Chris Patten has used the Foreign Secretary's visit to impress on him the need for a resolute stance in defending institutions established by the outgoing colonial power.
Elements within the Foreign Office remain deeply sceptical of Mr Patten's ideas and had appeared to be winning the battle to keep the Governor in the background. Mr Rifkind's visit to Hong Kong has clearly marked the failure of this effort.
He left Hong Kong issuing a dire warning of the "extremely damaging" consequences of China's proposal to dismantle the colony's elected legislature once it resumes sovereignty on 1 July next year. The Foreign Secretary has not spoken quite so bluntly about this in the past and indicated he would raise this matter in meetings with the Chinese leadership.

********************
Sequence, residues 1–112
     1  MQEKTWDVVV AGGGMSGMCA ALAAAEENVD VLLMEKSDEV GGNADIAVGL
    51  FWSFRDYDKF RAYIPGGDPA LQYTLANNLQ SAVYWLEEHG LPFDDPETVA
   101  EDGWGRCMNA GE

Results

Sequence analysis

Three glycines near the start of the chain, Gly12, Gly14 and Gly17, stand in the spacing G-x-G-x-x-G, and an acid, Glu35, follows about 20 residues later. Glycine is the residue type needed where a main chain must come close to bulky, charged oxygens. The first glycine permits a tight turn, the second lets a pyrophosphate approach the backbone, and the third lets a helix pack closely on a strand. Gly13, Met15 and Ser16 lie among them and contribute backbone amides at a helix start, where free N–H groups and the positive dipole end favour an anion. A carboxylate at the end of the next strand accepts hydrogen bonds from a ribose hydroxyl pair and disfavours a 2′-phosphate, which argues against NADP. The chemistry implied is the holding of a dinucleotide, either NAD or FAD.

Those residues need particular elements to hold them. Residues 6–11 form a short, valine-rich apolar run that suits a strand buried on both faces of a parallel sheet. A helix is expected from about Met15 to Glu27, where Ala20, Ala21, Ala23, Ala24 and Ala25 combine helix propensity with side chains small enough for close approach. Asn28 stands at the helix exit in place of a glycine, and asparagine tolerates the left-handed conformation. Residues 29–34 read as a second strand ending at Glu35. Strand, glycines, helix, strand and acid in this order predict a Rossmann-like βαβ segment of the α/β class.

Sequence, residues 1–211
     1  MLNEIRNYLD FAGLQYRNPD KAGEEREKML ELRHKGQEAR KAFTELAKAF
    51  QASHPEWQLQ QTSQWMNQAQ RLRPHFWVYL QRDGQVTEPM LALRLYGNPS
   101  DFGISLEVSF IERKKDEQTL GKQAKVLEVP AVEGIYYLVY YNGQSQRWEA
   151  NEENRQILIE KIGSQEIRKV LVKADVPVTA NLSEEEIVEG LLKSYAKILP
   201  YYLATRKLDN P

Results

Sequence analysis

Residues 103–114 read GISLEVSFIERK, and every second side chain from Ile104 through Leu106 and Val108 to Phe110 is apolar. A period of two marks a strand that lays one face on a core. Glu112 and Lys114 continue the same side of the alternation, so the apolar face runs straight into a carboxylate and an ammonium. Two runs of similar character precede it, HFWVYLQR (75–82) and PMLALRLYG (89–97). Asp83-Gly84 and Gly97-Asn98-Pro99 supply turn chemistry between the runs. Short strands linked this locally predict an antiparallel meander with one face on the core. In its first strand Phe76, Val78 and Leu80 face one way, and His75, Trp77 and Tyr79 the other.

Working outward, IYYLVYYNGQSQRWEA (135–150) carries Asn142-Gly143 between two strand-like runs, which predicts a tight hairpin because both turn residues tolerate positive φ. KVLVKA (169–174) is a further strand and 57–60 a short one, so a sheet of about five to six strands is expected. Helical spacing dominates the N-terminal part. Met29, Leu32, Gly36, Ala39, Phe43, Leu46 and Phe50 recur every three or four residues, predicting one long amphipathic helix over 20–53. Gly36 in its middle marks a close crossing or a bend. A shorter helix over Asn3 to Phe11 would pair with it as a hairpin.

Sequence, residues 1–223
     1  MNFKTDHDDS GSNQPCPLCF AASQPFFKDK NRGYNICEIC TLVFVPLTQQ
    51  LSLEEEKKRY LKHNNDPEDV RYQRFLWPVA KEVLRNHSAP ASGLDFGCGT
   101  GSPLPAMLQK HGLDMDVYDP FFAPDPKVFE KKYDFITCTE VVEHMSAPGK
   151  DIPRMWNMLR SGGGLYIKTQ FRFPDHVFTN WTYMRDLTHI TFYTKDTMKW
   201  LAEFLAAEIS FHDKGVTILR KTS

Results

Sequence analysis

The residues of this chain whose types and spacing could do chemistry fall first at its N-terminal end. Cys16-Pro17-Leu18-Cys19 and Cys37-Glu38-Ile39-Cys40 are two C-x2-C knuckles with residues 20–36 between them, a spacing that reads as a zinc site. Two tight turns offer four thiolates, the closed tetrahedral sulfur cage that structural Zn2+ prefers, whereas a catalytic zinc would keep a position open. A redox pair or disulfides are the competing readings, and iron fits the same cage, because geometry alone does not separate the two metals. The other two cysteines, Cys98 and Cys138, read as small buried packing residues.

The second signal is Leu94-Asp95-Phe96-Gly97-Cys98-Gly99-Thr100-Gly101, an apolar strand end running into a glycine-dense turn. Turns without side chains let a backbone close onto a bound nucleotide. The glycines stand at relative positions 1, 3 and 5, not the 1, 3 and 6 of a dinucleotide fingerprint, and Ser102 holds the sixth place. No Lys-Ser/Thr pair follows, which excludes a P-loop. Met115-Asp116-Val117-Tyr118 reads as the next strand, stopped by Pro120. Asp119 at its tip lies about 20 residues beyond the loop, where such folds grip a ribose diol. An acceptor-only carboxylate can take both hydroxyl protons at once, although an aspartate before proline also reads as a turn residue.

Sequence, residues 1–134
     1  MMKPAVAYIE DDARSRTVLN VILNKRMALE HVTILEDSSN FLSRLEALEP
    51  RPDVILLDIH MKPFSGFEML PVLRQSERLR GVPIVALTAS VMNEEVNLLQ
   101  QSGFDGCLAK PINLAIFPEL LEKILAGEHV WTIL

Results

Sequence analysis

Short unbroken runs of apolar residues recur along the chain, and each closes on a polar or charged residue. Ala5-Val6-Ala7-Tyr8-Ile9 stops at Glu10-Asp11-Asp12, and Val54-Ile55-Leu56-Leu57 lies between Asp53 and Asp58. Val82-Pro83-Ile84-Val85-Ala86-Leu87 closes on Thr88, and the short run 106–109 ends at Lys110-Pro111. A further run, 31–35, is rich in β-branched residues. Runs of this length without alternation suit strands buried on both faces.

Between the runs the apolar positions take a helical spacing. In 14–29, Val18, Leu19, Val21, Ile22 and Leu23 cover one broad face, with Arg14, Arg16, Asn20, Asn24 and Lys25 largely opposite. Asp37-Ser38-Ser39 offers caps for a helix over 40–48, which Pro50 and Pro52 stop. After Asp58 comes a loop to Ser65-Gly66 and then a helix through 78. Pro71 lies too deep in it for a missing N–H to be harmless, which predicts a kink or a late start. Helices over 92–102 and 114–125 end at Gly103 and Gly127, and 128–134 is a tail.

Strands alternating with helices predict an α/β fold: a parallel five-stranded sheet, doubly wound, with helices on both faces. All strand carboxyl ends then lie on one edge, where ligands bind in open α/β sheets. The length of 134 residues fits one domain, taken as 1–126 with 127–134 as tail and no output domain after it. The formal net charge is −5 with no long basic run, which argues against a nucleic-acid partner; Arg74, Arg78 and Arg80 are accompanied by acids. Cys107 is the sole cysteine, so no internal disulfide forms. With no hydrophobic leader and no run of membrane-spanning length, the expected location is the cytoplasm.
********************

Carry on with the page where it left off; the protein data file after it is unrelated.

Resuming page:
However, Mr Rifkind indirectly acknowledged that Britain had little with which to persuade China to change its policy.The main bargaining chip was China's "overwhelming interest for Hong Kong to be a success". He warned: "if they are insensitive, they will be shooting themselves in the foot". That is unlikely to be well received by Peking, which has assembled a group of Hong Kong notables who claim that there is no demand for more representative government.
The Hong Kong visit has caused some problems for the Foreign Secretary. He dismayed and annoyed legislators by telling them that the colony had determined its own policy for making the territory a port of first asylum for Vietnamese boat people, and was therefore responsible for solving the matter.
Legislators pointed out that the policy was imposed by Britain, which determines foreign policy for its colonies.
There was also anger over Mr Rifkind's suggestion that Hong Kong people have never been entitled to full British citizenship.Reuse content